In the latest sign of a cultural revival in Baghdad after decades of conflict, the city recently celebrated the reopening of its historic book street.
Diwan Bookstores says its revised editions of the celebrated writer’s works will be “without alterations”. Publishing world figures immediately wondered what that meant.
Several prominent Syrian publishing houses and bookstores have closed in recent years, the latest signs of cultural death in an economy hard hit by war.
Publishers of Egyptian editions say printing locally not only cuts costs, but also helps writers reach a wider public. Some authors strongly agree.
In the latest “Best Global Universities” rankings from “U.S. News & World Report”, two Saudi universities earn spots in the top 100.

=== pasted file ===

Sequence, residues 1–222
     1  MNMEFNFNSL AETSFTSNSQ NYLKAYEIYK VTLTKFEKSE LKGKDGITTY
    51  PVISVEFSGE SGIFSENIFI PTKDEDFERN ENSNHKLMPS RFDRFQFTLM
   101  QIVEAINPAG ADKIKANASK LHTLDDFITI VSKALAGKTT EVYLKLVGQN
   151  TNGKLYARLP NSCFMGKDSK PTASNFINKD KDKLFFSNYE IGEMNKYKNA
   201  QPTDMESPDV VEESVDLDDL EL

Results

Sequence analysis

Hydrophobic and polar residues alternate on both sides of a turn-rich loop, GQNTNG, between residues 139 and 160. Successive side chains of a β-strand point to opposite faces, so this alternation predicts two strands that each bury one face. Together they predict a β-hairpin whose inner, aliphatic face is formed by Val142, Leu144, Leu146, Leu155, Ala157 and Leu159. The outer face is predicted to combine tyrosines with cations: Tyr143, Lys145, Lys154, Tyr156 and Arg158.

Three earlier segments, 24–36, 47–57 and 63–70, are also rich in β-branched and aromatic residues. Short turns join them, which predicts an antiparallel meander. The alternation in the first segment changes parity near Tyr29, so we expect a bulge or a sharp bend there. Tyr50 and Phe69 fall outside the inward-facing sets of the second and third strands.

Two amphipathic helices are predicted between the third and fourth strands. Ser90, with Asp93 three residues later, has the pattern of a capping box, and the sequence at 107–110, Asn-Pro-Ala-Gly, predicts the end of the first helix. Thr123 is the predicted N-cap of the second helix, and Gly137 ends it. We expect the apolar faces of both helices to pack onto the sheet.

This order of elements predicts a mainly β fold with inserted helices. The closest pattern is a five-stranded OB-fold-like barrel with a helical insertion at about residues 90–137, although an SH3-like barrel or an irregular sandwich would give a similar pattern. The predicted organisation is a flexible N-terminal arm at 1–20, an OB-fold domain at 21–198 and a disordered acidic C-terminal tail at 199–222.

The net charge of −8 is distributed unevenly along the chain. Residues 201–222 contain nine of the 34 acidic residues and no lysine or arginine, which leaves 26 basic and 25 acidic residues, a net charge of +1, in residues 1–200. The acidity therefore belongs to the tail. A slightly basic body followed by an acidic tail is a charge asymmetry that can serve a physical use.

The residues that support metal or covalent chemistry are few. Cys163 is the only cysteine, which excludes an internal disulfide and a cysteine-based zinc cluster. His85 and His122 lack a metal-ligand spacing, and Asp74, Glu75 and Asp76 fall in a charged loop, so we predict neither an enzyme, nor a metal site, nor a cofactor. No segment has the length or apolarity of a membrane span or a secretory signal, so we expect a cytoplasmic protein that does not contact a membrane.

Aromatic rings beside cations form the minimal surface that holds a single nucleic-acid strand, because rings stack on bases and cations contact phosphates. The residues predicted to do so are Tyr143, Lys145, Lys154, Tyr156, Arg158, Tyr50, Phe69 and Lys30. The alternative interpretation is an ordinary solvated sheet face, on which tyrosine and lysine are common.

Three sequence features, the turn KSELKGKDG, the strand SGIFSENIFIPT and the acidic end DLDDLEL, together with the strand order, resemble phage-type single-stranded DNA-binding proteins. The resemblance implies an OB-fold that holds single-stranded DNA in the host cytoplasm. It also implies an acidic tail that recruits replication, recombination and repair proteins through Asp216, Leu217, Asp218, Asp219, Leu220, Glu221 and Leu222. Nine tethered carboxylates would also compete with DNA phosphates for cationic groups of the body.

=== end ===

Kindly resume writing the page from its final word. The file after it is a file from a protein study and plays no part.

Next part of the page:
Iraq’s second-largest university is shaking off the vestiges of war. Its publishing house will reopen soon, and other major projects are nearing completion.
Sahar Abdallah, an Egyptian living in Canada, creates “visual poems” inspired by works by literary giants like Fouad Haddad and Mahmoud Darwish.
In her new novel “Harir Al-Ghazala,” the Omani novelist Jokha Alharthi sheds light on her country’s women and their aspirations across generations.
The library of the Dominican Institute for Oriental Studies, in Cairo, attracts scholars from all over the world.
“Building Sharjah” traces the urbanization of the city through its architecture and explores related social and political contexts before and after the discovery of oil.